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Searching for Happiness: How Generosity, Faith and Other Spiritual Habits Can Lead to a Full Life.

Searching for Happiness: How Generosity, Faith and Other Spiritual Habits Can Lead to a Full Life

by Martin Thielen Westminster John Knox Press, Louisville, Ky. 192 pages

Drawing from scientific studies, interweaving Scripture and illustrating his points with personal anecdotes, Thielen illuminates how 10 attitudes and behaviors can help to make people content, happy or fulfilled.

Perhaps you work closely with the small group ministry in your congregation, as I do. Or, perhaps you frequently search for studies, resources and materials for the people in your congregation who are eager to engage one another and Scripture in a small group setting, as I do. If so, you can stop searching (for now) because author Martin Thielen has developed an excellent resource for our small groups. "Searching for Happiness" is a perfect companion for a small group or Sunday school class that is looking for a thought-provoking, practical and theologically-accessible group study study on the topic of happiness.

Drawing upon recent research about happiness, Thielen's concise book (with a guide for study and reflection at the end) explores the habits, attributes and traits that make people content. He stresses that happiness does not arise from external circumstances such as pleasure, possessions, philosophy or production of things, but that real happiness or contentment (he uses the terms interchangeably) is "an inside job." When Thielen calls the quest for happiness an "inside job," he refers to the work that an individual does intentionally in his or her own life to cultivate specific personal attributes, traits or habits. This work involves deliberate and intentional cultivation of 10 different attitudes or personal traits: affirming that external circumstances don't determine happiness, using trials as growth opportunities, cultivating optimism, focusing on the present, practicing forgiveness, practicing generosity, nurturing relationships, expressing gratitude, taking care of our bodies and taking care of our souls.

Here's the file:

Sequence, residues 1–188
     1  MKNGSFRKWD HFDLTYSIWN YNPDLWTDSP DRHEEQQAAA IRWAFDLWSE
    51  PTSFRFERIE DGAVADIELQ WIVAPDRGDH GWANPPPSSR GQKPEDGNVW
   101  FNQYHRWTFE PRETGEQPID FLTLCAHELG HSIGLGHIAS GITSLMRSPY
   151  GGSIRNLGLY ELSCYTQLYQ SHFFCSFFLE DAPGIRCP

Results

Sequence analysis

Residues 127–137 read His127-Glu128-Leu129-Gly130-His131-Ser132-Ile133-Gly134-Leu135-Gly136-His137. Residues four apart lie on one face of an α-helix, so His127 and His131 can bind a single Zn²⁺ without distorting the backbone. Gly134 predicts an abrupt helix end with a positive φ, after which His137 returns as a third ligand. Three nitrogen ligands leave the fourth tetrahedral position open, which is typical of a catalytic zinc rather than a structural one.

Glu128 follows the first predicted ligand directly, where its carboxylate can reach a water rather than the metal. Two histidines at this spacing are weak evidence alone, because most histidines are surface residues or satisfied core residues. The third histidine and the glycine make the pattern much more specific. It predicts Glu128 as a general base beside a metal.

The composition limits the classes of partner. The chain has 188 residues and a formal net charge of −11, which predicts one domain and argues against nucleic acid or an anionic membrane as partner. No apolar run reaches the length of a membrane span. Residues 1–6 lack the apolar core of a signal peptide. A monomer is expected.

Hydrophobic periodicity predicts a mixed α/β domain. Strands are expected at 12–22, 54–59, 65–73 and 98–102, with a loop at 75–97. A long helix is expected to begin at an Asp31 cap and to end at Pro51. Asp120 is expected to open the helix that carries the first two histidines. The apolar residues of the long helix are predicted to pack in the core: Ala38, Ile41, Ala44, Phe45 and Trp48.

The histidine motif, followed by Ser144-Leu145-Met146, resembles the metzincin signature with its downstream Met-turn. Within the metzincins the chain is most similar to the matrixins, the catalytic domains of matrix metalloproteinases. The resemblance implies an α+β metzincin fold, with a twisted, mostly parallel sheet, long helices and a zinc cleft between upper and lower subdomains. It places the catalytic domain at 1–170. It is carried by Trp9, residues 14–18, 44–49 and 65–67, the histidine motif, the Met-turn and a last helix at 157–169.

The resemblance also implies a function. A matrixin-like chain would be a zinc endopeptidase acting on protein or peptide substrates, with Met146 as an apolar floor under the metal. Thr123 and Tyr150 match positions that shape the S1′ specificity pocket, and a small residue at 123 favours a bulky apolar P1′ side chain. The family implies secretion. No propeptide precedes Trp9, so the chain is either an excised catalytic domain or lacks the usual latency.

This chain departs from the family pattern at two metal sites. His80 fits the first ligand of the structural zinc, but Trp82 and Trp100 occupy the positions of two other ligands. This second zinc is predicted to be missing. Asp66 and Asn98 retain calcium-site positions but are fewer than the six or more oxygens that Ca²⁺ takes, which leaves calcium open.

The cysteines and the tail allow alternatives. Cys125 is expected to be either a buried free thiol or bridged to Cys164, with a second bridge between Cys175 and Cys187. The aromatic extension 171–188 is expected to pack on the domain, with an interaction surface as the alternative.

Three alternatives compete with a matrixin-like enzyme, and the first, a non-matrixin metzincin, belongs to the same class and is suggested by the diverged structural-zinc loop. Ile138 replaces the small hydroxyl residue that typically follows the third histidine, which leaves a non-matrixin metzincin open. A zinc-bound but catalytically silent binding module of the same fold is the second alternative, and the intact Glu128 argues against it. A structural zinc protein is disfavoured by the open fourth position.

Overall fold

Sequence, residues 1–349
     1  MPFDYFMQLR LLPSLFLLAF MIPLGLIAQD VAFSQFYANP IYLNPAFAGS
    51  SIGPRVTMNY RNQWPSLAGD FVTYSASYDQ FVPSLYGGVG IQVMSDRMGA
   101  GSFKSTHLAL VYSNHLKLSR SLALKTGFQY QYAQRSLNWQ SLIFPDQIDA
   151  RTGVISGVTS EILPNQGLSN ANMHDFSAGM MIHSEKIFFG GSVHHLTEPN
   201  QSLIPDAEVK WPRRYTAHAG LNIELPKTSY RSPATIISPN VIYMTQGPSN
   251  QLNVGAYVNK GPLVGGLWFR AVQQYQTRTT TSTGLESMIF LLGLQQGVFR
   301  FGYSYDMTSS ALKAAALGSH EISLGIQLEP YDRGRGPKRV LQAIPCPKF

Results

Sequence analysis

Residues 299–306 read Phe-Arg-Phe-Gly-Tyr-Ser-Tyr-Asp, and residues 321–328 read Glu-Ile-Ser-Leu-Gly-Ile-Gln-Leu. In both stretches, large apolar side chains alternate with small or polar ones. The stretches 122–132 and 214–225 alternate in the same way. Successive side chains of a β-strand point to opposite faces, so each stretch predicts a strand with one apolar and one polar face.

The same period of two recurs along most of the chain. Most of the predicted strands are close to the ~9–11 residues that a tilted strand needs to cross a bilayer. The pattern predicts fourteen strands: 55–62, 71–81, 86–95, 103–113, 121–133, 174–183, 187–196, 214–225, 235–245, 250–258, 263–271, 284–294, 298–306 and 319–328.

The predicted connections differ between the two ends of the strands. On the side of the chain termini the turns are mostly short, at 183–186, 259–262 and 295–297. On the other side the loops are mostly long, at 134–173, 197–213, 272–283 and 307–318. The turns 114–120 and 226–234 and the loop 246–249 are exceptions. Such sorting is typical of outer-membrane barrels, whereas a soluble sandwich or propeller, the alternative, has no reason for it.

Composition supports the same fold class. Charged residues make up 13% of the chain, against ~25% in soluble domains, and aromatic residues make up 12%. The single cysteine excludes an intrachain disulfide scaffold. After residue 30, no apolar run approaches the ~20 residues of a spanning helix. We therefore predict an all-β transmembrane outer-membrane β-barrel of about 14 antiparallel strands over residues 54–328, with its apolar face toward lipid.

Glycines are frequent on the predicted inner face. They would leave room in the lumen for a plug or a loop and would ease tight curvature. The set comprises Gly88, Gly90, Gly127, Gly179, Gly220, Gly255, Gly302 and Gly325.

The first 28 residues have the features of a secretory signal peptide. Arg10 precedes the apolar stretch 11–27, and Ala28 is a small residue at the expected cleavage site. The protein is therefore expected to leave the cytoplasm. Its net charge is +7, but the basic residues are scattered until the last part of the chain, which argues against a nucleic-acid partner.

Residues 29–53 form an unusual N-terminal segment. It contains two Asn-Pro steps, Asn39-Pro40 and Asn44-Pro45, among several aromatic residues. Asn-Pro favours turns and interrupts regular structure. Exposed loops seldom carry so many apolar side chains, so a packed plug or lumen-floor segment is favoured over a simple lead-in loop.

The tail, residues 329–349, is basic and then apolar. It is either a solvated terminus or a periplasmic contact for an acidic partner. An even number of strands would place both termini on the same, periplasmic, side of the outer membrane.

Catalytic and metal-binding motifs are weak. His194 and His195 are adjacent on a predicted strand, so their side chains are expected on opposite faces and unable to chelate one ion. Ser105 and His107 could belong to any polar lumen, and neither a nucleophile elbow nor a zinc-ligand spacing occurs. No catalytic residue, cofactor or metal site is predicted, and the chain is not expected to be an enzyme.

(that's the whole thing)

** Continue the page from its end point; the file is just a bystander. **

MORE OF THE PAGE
The book is easily adapted for a 10-week study. Each chapter explores the scientific, experiential and scriptural evidence for the trait or attribute explored therein. Drawing upon data from scientific studies, interweaving Scripture and illustrating his points with personal anecdotes, Thielen illuminates how those 10 attitudes and behaviors--when pursued vigorously--can help to make people content, happy or fulfilled.

At first glance, the 10 traits seem like common sense. The real difficulty arises when figuring out how to make the 10 traits and practices part of everyday behavior and habit. This is where the study guide can be particularly helpful. There are six questions on each topic in the study guide at the back of the book that are personal in nature, thereby helping the reader think more pointedly about the trait or attitude explored in the chapter. Following the six questions is a practical, real-life challenge for the reader in which he or she can take steps toward implementing the trait or attitude in his or her own life. This is where the common sense information in the book becomes reality for the reader.

In a world of one-upsmanship--where so many of us strive to get ahead and are on the production treadmill as we wonder what it's all for, Thielen's "Searching for Happiness" helps to reorient us toward traits, activities and practices that just might lead the reader to step off of the production treadmill to a deeper, more satisfied, more contented, more genuinely happy life.

EMILY BERMAN D'ANDREA serves as associate pastor for Christian formation at Lewinsville Presbyterian Church in McLean, Virginia, where for 14 years she has worked with the church's small group ministry, Stephen Ministers, mission and outreach programs and contemplative ministries.

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Author:D'Andrea, Emily Berman
Publication:The Presbyterian Outlook
Date:Jun 6, 2016
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